Into the last stretch US pres­i­dent has a moun­tain to climb in fi­nal weeks

The Guardian - - World - David Smith

With more than 18m votes al­ready cast, Don­ald Trump is strug­gling to find a co­her­ent clos­ing ar­gu­ment for the pres­i­den­tial elec­tion as opin­ion polls put him in dan­ger of a hu­mil­i­at­ing de­feat by his Demo­cratic ri­val, Joe Bi­den.

Long queues have formed across the US for early in-per­son vot­ing, a sign that there could be a record turnout in spite, or per­haps be­cause, of a coro­n­avirus pan­demic that has killed more than 217,000 Amer­i­cans and put mil­lions out of work. But there could still be sur­prises be­fore elec­tion day on 3 Novem­ber and fears per­sist that, in the event of a Bi­den vic­tory, Trump could plunge the world’s old­est con­sti­tu­tional democ­racy into cri­sis by dis­put­ing the re­sult in court, spread­ing con­spir­acy the­o­ries on­line and mo­bil­is­ing mil­i­tant sup­port­ers.

Bi­den leads by 17 per­cent­age points in an Opinium Re­search/ Guardian poll, 16 points in a CNN poll and 11 points in an NBC News/ Wall Street Jour­nal poll. The last in­cum­bent pres­i­dent to suf­fer such deficits was the last one to lose: Ge­orge HW Bush, beaten by Bill Clin­ton in 1992.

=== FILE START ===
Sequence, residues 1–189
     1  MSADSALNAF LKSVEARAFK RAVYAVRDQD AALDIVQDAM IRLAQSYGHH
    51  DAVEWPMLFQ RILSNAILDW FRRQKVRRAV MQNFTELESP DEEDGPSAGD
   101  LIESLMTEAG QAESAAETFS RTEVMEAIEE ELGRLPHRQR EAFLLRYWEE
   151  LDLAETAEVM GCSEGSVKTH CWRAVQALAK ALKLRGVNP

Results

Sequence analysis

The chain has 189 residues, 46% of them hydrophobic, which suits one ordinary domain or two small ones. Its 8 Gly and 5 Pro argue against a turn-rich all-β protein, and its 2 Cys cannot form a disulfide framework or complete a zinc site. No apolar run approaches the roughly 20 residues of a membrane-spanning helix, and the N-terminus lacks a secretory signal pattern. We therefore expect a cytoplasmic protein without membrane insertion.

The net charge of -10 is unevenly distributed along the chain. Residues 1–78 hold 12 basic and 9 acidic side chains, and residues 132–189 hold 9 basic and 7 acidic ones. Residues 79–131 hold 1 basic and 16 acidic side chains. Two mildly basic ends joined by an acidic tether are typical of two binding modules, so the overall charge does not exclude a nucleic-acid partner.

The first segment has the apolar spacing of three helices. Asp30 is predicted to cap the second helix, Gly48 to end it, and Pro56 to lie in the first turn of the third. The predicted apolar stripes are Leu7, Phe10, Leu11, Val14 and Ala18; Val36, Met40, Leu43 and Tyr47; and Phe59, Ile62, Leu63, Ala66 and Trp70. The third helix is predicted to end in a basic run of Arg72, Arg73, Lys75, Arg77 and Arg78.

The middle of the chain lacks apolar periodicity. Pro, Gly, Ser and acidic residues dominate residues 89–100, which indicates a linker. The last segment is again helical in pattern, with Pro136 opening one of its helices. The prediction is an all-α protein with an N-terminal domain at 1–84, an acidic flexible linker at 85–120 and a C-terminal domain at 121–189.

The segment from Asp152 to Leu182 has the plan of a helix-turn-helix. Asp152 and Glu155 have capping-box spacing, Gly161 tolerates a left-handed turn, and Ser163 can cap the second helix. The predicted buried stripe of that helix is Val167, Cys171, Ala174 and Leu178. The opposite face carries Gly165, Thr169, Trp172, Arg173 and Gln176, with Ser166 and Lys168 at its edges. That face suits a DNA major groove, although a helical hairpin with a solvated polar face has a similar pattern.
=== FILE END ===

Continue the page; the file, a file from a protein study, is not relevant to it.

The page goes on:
Bi­den’s con­sis­tent ad­van­tage in­cludes the cru­cial swing states that will de­cide the all-im­por­tant elec­toral col­lege and raises the prospect that Democrats could re­gain the White House and Se­nate and ex­pand their ma­jor­ity in the House of Rep­re­sen­ta­tives, end­ing years of grid­lock in Wash­ing­ton.

“Trump’s go­ing to get killed,” said Joe Walsh, a for­mer con­gress­man who un­suc­cess­fully chal­lenged the pres­i­dent in this year’s Repub­li­can pri­mary. “I think we’ll know elec­tion night that he lost … It’s go­ing to be a blood­bath for Repub­li­cans.”

Trump ap­pears to be haem­or­rhag­ing sup­port among two cru­cial vot­ing blocs. One is older peo­ple, who were cru­cial to his vic­tory over Hil­lary Clin­ton in states

such as Florida in 2016. Walsh said: “[Trump] beat Hil­lary when it came to older vot­ers but Bi­den will win them by a healthy amount be­cause they think Trump is a fuck­ing lu­natic who screwed up this pan­demic big time.”

The other group de­sert­ing Trump is sub­ur­ban women, ap­par­ently re­ject­ing his vul­gar in­sults and shows of machismo on the virus. With a hint of des­per­a­tion at a rally in Penn­syl­va­nia this week, the pres­i­dent begged: “Sub­ur­ban women, will you please like me? Please, please.”